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    • Scarlet fever epidemic history

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      • Scarlet fever caused devastating epidemics through the 19th and early 20th centuries, and killed almost5 per cent of those infected in 1914. Sufferers were isolated for weeks and their clothes and bedding burnt to prevent contagion.,their%20clothes%20and%20bedding%20burnt%20to%20prevent%20contagion.
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  2. Scarlet fever - Wikipedia

    The association of scarlet fever and bacteriophages was described in 1926 by Cantucuzene and Boncieu. An antitoxin for scarlet fever was developed in 1924. The first toxin which causes this disease was cloned and sequenced in 1986 by Weeks and Ferretti.

  3. The Worst Outbreaks in U.S. History
    • 1633-1634: Smallpox from European settlers. Smallpox came to North America in the 1600s. Symptoms included high fever, chills, severe back pain, and rashes.
    • 1793: Yellow fever from the Caribbean. One humid summer, refugees fleeing a yellow fever epidemic in the Caribbean Islands sailed into Philadelphia, carrying the virus with them.
    • 1832-1866: Cholera in three waves. The United States had three serious waves of cholera, an infection of the intestines, between 1832 and 1866. The pandemic began in India and swiftly spread across the globe through trade routes.
    • 1858: Scarlet fever also came in waves. Scarlet fever is a bacterial infection that can occur after strep throat. Like cholera, scarlet fever epidemics came in waves.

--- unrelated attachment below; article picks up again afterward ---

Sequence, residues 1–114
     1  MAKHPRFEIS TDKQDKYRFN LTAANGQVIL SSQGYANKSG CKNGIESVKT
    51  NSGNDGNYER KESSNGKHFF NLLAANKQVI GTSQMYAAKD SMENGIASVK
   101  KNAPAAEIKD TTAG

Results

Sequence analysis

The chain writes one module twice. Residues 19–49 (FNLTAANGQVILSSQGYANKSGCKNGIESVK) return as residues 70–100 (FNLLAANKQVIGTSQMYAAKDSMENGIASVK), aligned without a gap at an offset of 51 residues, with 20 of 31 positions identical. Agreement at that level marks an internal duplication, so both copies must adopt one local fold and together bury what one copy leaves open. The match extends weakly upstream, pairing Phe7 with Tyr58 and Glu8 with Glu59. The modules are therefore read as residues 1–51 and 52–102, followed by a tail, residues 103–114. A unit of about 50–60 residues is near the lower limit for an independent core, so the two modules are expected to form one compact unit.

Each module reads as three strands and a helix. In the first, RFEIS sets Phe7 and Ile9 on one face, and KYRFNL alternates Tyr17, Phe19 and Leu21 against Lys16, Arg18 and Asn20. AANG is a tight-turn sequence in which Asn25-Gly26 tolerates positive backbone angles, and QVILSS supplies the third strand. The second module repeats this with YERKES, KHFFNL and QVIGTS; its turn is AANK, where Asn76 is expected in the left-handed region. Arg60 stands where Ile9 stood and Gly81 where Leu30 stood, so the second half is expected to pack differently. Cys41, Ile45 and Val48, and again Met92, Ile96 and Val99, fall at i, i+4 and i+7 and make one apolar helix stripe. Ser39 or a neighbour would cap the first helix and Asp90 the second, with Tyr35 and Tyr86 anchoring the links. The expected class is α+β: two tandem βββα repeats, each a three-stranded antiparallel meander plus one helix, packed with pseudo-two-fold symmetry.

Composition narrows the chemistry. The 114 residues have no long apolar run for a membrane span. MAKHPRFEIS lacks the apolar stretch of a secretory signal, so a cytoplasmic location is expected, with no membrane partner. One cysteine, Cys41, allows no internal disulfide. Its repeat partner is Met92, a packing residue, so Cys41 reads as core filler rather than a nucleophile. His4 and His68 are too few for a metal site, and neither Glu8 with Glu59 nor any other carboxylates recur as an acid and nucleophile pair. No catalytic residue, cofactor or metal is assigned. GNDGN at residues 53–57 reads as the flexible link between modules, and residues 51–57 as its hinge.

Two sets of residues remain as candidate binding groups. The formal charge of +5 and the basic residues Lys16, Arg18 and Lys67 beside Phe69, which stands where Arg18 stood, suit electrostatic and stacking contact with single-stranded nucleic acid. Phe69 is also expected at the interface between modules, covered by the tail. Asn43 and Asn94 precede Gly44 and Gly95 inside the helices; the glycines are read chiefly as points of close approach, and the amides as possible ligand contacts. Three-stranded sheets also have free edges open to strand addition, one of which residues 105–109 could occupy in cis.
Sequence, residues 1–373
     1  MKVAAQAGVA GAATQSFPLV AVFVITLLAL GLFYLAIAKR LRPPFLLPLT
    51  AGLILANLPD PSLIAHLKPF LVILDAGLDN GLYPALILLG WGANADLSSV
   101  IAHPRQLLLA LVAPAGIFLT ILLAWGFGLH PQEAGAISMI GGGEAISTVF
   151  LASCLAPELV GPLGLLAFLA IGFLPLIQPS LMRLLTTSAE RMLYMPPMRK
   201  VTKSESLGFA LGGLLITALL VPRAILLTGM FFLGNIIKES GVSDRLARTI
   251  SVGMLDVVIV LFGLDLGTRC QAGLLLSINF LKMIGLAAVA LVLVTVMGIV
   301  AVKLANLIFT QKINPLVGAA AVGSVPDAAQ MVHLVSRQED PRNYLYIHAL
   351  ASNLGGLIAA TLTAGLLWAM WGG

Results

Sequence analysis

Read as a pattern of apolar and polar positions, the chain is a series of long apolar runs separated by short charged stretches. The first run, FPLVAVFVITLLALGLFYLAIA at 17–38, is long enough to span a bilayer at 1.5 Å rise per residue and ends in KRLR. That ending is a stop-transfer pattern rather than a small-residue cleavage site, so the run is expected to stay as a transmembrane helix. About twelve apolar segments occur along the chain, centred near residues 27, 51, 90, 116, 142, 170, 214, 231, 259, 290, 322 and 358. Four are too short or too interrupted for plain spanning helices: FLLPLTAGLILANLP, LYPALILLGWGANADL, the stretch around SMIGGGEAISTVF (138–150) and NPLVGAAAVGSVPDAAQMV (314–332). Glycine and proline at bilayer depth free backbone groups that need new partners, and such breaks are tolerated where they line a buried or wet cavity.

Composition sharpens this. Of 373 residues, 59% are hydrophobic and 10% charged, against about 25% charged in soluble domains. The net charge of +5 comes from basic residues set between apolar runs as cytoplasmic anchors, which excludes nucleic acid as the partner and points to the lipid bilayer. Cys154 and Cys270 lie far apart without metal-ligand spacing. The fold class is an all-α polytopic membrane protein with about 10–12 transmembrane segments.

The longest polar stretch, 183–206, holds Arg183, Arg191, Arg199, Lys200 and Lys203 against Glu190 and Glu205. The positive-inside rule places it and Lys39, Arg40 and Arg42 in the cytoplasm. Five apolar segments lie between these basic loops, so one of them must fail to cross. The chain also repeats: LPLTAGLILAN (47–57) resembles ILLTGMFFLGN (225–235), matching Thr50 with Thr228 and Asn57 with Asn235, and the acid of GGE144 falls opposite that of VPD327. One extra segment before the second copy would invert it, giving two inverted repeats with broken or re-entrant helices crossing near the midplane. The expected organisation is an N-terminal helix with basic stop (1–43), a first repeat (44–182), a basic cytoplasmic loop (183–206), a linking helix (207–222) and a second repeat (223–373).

4. Scarlet fever | pathology | Britannica

    Before the advent of antibiotics, scarlet fever was extremely serious, often causing long periods of illness, many dangerous complications, and even death. Children with scarlet fever used to be immediately isolated and quarantined, and entire schools and neighbourhoods panicked when a case was discovered.

  5. The 9 Worst Epidemics in US History
    • Helena M.
    • 1633 - Small Pox. Smallpox is an ancient contagious disease, the symptoms of which are high fever, fatigue and a distinct rash all over one’s body. It was brought to North America by European settlers in the beginning of the 1600’s.
    • 1793 - Yellow Fever. In those days Philadelphia was considered the nation’s capital and it had one of the busiest ports. In the late summer of 1793, a ship came in carrying refugees who fled the epidemic spread of yellow fever in the Caribbean.
    • 1832-1866: Cholera. There were three serious waves of Cholera spread in the US between those years. The epidemic had spread from India through the trade routes.
    • 1858 - Scarlet Fever. Scarlet Fever, also called scarlatina, is an infection caused by the same bacteria that causes strep throat and is actually an advanced manifestation of it.
  6. Deadly epidemics regularly scared Americans in last century ...

    Mar 18, 2020 · When whooping cough, scarlet fever or measles showed up in a community early in the 20th century, affected children typically were kept at home for a few weeks. Sometimes this was formalized, with...

  7. Cause of England's Scarlet Fever Epidemic Remains a Mystery ...

    During the mid-1800s, pandemic outbreaks of scarlet fever in England caused a sharp rise in mortality. Improvements in hygiene and the development of antibiotics have since made scarlet fever a much less common and much more treatable infectious disease.